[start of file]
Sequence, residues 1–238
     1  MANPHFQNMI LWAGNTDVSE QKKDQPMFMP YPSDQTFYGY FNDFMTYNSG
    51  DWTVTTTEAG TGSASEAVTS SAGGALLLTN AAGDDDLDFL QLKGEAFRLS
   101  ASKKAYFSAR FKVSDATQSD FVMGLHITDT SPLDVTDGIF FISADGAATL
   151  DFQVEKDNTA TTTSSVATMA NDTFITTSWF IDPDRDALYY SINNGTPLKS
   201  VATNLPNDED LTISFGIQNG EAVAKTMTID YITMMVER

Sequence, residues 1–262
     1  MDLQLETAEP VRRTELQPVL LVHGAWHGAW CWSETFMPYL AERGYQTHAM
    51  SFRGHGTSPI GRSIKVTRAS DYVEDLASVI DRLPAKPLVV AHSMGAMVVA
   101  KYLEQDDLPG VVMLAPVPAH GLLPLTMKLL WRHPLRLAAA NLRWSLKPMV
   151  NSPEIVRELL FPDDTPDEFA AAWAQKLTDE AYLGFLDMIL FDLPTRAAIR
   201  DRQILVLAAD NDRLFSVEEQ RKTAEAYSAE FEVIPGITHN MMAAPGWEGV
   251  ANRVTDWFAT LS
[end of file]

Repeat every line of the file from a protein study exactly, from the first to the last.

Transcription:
Sequence, residues 1–238
     1  MANPHFQNMI LWAGNTDVSE QKKDQPMFMP YPSDQTFYGY FNDFMTYNSG
    51  DWTVTTTEAG TGSASEAVTS SAGGALLLTN AAGDDDLDFL QLKGEAFRLS
   101  ASKKAYFSAR FKVSDATQSD FVMGLHITDT SPLDVTDGIF FISADGAATL
   151  DFQVEKDNTA TTTSSVATMA NDTFITTSWF IDPDRDALYY SINNGTPLKS
   201  VATNLPNDED LTISFGIQNG EAVAKTMTID YITMMVER

Sequence, residues 1–262
     1  MDLQLETAEP VRRTELQPVL LVHGAWHGAW CWSETFMPYL AERGYQTHAM
    51  SFRGHGTSPI GRSIKVTRAS DYVEDLASVI DRLPAKPLVV AHSMGAMVVA
   101  KYLEQDDLPG VVMLAPVPAH GLLPLTMKLL WRHPLRLAAA NLRWSLKPMV
   151  NSPEIVRELL FPDDTPDEFA AAWAQKLTDE AYLGFLDMIL FDLPTRAAIR
   201  DRQILVLAAD NDRLFSVEEQ RKTAEAYSAE FEVIPGITHN MMAAPGWEGV
   251  ANRVTDWFAT LS